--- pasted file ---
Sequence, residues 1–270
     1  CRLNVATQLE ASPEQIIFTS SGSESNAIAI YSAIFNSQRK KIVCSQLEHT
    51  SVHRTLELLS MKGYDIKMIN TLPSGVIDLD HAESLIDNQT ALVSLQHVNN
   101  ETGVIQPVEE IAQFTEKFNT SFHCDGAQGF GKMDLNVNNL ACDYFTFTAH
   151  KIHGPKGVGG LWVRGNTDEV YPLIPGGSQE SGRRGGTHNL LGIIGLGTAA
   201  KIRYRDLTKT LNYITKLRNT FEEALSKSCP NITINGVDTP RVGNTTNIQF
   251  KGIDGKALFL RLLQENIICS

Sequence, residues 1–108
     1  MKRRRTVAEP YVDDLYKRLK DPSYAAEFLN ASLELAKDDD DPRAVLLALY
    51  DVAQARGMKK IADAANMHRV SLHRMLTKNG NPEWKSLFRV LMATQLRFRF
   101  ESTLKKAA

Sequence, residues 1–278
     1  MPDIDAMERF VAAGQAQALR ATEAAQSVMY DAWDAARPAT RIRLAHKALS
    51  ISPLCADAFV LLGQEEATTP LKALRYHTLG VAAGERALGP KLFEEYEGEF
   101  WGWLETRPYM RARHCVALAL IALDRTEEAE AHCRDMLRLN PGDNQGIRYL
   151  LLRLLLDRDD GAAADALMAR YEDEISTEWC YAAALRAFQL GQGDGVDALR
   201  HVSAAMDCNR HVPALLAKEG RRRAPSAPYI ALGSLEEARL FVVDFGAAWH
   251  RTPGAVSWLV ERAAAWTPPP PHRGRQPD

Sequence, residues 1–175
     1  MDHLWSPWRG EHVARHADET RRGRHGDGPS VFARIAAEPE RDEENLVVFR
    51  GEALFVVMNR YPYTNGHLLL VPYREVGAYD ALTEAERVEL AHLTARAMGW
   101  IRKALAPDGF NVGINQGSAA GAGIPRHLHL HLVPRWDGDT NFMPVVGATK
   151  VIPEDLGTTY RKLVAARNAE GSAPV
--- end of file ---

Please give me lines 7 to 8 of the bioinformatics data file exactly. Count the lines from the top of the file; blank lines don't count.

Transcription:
   251  KGIDGKALFL RLLQENIICS

Sequence, residues 1–108